Events

Debating Science, Technology, Engineering and Maths a hit for girls

A team of six girls from Clifton Hill Primary School has shown off their debating skills, taking home state bragging rights at the Primary School Statewide Tournament, held at the University of Melbourne.

Hosted in partnership with the Debaters Association of Victoria (DAV), more than 60 students aged 11 and 12 years old competed in a round-robin style event debating Science, Technology, Engineering and Mathematics (STEM) related topics.

With debating a popular choice for girls, Dr Heidi Tscherning from the University’s School of Computing and Information Systems (CIS) said the topics were designed to spark children’s interest and also reflect issues in emerging technologies.

“Debating makes children reason, critically assess and then communicate effectively,” Dr Tscherning said.

“With topics ranging from ‘should maths and science be compulsory subjects?’ to ‘should video surveillance be in all public places?’, it’s all about reaching out to students, in particular girls, and getting them to engage in STEM in a different way. We hope these events inspire students to consider STEM subjects as they continue through to high school and tertiary education.”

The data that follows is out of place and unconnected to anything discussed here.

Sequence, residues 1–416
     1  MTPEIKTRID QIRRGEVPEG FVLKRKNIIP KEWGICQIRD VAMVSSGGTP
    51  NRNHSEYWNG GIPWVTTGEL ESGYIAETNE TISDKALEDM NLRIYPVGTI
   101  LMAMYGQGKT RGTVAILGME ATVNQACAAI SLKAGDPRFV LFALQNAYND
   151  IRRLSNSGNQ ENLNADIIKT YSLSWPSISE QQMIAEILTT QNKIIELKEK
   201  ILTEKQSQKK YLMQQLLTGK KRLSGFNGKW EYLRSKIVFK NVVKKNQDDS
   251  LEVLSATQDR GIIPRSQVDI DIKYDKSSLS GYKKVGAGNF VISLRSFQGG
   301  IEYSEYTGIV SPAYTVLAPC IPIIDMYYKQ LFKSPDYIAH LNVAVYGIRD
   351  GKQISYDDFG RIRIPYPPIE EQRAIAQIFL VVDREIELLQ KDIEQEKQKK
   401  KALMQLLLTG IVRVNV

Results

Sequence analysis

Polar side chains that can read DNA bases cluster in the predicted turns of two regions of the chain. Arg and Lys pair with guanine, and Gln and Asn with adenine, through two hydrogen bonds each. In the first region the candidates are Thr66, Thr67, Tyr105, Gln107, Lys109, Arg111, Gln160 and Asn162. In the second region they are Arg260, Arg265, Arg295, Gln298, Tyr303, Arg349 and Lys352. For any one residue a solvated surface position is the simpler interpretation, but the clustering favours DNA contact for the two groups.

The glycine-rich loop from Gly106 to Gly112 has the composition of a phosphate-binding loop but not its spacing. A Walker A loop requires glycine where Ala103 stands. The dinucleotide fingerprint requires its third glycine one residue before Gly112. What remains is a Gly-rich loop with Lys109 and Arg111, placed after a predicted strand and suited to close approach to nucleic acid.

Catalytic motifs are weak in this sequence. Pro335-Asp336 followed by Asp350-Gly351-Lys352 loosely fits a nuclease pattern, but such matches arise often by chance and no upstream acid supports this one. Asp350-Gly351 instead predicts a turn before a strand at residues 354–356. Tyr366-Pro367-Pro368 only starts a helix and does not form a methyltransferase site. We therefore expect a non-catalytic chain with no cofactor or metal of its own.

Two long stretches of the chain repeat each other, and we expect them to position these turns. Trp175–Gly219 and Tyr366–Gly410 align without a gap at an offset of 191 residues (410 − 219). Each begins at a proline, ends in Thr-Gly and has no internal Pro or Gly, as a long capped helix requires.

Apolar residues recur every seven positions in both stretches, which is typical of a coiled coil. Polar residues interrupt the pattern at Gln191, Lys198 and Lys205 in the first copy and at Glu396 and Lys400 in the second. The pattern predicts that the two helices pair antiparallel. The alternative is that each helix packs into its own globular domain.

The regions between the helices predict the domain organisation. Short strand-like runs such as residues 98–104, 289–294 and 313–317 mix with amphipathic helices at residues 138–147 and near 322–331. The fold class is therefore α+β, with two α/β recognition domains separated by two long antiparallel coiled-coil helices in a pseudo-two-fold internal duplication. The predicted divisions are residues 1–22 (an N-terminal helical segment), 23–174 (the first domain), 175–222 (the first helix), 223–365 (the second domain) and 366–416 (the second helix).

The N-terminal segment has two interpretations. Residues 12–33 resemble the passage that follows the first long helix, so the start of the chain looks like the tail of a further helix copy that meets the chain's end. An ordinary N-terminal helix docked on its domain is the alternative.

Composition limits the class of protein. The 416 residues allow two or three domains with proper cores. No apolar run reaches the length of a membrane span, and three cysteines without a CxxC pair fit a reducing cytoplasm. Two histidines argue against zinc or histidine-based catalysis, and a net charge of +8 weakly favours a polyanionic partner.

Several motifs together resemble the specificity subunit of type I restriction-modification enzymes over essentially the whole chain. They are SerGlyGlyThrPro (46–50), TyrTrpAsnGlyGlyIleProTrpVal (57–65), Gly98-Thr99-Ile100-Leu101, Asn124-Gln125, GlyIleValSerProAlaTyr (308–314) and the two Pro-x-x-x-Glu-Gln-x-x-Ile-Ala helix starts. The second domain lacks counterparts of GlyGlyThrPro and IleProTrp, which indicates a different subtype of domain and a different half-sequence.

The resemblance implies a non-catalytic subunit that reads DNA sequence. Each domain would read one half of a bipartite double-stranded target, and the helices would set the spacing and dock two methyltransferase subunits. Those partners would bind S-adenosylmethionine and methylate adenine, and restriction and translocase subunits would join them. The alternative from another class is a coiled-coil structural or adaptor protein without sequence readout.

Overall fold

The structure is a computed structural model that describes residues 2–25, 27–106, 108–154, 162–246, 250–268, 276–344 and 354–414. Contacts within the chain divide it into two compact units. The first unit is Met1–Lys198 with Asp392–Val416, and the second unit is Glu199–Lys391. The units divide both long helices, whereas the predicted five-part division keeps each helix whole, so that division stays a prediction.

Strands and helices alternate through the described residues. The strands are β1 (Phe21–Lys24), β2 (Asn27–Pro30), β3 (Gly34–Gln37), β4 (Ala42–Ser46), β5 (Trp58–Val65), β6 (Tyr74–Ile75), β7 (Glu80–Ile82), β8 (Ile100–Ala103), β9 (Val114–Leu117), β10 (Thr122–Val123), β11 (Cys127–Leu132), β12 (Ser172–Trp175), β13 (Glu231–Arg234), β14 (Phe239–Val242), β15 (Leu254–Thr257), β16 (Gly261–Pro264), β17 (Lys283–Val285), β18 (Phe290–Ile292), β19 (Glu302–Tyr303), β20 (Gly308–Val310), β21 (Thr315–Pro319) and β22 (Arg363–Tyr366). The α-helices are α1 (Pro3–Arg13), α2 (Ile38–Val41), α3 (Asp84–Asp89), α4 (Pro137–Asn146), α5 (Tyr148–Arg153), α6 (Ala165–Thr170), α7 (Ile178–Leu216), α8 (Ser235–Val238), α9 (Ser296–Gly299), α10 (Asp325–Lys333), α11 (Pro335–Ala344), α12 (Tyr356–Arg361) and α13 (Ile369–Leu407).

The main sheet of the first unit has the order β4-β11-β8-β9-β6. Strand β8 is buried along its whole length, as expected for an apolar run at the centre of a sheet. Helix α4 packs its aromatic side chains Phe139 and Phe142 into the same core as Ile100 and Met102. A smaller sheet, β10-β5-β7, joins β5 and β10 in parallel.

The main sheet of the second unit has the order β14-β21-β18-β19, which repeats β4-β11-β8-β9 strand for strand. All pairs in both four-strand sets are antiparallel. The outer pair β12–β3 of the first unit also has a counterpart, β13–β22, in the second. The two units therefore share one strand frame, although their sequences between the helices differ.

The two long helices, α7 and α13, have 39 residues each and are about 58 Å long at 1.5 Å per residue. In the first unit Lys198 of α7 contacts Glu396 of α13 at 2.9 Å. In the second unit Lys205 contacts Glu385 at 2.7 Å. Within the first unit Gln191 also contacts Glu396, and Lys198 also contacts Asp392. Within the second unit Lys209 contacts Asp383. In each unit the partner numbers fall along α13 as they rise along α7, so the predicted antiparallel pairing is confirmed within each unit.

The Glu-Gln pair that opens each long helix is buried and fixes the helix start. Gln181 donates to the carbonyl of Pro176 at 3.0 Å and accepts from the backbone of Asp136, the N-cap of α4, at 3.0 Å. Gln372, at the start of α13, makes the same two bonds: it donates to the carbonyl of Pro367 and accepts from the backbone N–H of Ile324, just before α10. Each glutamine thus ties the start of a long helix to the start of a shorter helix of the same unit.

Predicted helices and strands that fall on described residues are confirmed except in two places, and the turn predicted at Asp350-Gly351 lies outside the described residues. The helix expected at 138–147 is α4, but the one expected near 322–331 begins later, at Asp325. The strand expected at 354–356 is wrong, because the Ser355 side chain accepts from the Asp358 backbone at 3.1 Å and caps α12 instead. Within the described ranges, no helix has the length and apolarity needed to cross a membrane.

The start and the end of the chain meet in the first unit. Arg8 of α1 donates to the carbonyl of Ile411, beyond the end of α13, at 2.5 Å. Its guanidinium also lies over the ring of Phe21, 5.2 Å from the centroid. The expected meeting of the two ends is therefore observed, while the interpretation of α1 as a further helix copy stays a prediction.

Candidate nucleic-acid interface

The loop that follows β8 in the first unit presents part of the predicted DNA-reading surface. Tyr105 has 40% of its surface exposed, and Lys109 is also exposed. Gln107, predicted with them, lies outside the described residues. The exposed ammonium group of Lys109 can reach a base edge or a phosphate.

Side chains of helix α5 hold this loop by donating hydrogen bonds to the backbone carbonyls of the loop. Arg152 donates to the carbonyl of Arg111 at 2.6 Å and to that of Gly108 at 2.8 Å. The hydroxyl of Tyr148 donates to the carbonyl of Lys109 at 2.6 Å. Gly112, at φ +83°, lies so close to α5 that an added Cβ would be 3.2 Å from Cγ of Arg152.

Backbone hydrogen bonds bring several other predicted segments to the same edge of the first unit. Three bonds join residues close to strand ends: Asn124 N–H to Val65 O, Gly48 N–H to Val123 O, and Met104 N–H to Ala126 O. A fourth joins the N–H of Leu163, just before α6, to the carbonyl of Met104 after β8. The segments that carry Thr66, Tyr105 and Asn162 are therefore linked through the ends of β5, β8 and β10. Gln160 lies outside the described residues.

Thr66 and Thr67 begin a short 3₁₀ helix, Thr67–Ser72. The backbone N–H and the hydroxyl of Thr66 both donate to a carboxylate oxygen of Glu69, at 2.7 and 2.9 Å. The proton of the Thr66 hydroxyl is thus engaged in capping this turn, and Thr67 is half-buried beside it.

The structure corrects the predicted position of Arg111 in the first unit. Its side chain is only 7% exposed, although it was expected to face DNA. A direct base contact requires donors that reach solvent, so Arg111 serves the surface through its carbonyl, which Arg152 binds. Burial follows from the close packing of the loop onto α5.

The 1996 Nobel Prize winner Professor Peter Doherty gave the keynote speech, encouraging a captive audience of some of the best young critical thinkers in the state to “stay with mathematics.”

“Mathematics is such a benefit, even if you go into medicine, biology or another science,” Professor Doherty said. “But you mustn’t discount English. Even if you do plan to go into a STEM field, you need good communication skills, no matter what pathway you take.”

In the final secret topic round, students debated ‘Should computers replace teachers?’

The winning team from Clifton Hill Primary School argued the negative. “Fortunately for us lecturers, they drew on the unique, holistic responsiveness that human teachers can give,” said Dr Suelette Dreyfus from CIS.

Dr Dreyfus said these types of events are vital for getting children engaged in STEM subjects from a young age.

“We need to engage children early to capture their imagination and encourage them to learn skills of the future,” said Dr Dreyfus.

“The beauty of this age group is that while they have started to reason like a young adult, they can still imagine with all the boundless creativity of a child.”

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